If you have shaken your head in disbelief as a motorcyclist weaves in and out of traffic on I-95, often wearing no helmet, you may have wondered just how dangerous such behavior is.
As anyone with an ounce of common sense would guess, it’s terribly dangerous.
It’s obvious that when motorcycles crash, their riders lack the protection of an enclosed vehicle. Per mile traveled, a motorcyclist is more than 20 times more likely to die than someone traveling in a vehicle, according to the National Highway Traffic Safety Administration.
In fact, Florida’s roads are particularly deadly for motorcyclists.
Florida ranks first in the nation for motorcycle deaths, with 606 statewide and 34 in Palm Beach County in 2015, the most recent year available from the NHTSA. That same year, 9,045 people were reported injured in motorcycle crashes in Florida.
It was the worst year ever for motorcycle crash-related fatalities in Florida, marking a 30 percent increase from 2014.
Motorcyclists accounted for one-fifth of motor vehicle fatalities in the state in 2015, yet motorcycles only account for 3 percent of registered vehicles. AAA said.
Thousands of motorcyclists are in Daytona Beach for the 76th annual Daytona Bike week that began Friday and ends this coming Sunday. Drivers should expect an increase in traffic on Florida roadways, AAA said last week.
Florida law allows people over 21 to operate and ride a motorcycle without wearing a helmet if they are covered by an insurance policy providing for at least $10,000 in medical benefits for injuries incurred as a result of a crash while operating or riding on a motorcycle.
“Time and time again the effectiveness of motorcycle helmets has been proven through scientific study,” said Karen Morgan, Public Policy Manager, AAA – The Auto Club Group. “AAA strongly supports a universal helmet law in Florida.”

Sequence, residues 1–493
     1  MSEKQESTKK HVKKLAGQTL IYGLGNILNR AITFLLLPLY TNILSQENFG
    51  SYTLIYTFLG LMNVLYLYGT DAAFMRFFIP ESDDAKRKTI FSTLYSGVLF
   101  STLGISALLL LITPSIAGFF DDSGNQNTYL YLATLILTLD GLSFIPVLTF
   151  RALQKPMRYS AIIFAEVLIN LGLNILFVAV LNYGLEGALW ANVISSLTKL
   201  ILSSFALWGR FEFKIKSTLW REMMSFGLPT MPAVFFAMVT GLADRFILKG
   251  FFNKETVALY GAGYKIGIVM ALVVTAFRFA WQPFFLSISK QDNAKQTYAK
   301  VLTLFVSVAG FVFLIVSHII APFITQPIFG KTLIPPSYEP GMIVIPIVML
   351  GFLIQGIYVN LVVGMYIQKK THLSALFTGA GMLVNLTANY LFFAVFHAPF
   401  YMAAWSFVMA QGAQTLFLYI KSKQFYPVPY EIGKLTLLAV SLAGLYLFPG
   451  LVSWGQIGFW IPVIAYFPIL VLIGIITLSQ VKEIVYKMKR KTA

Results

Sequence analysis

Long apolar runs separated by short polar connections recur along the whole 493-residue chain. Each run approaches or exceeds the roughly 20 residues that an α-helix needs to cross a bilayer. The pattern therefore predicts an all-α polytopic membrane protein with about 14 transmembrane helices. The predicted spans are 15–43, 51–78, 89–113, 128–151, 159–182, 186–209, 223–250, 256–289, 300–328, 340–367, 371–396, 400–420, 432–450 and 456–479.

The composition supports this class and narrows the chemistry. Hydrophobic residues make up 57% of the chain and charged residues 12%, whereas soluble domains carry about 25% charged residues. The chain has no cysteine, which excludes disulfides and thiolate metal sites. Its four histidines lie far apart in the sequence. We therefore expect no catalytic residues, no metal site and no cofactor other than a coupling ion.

Hospital charges for motorcyclists – treated in a hospital due to a traffic crash – totaled $675,674,964 in 2015, according to the Florida Department of Health. The average cost for a motorcyclist involved in a traffic crash who was then admitted to the hospital was $83,676. Helmet use has been shown to significantly reduce the cost associated with motorcycle traffic crashes.
“Wearing a helmet could mean the difference between life and death,” said Josh Carrasco, spokesman, AAA – The Auto Club Group. “Our goal is to make sure all motorists arrive safely at their destination, including motorcyclists.”
Top Counties for Motorcycle Crash Deaths:
AAA encourages drivers and motorcyclists not to drive impaired and to follow these safety tips:
Safety Tips for Motorists:
- Respect motorcycle riders. Motorcycles are vehicles too and have the same privileges as an automobile. Be sure to give them ample room.
- Look and Listen. Even if a motorcycle is loud, you may not hear it. Actively look for motorcycles in traffic.
- Leave room. Leave plenty of room between your vehicle and motorcyclists. Uneven terrain, wet roads, and heavy traffic often require a motorcycle rider to react and maneuver differently than automobiles.
- Be aware. Take extra caution when making a left-hand turn, because most automobile-versus-motorcycle crashes occur during left-hand turns.
- Don’t drive distracted. A driver who takes their eyes off the road for two seconds doubles their risk of getting into a crash.
Safety Tips for Motorcyclists:
- Wear safety gear. Helmets that meet DOT compliance standards, eye wear, closed-toe footwear and protective clothing reduce your risk of injury or death in a crash. Remember, the only thing between you and the ground is your protective gear.
- Be visible. Keep headlights, marker and tail lights on at dusk and dark, or rainy weather. Wear bright clothing or put reflective strips on your bike to be more visible to other motorists. Avoid being in the blind spots of cars and trucks by following three to four seconds behind the vehicle in front of you.
- Use sound judgment. Avoid weaving between lanes while riding. Be sure to use your signals and stick to the speed limit.
- Get proper training. Completing a motorcycle safety course can not only make you a better rider, but save you money on your motorcycle insurance.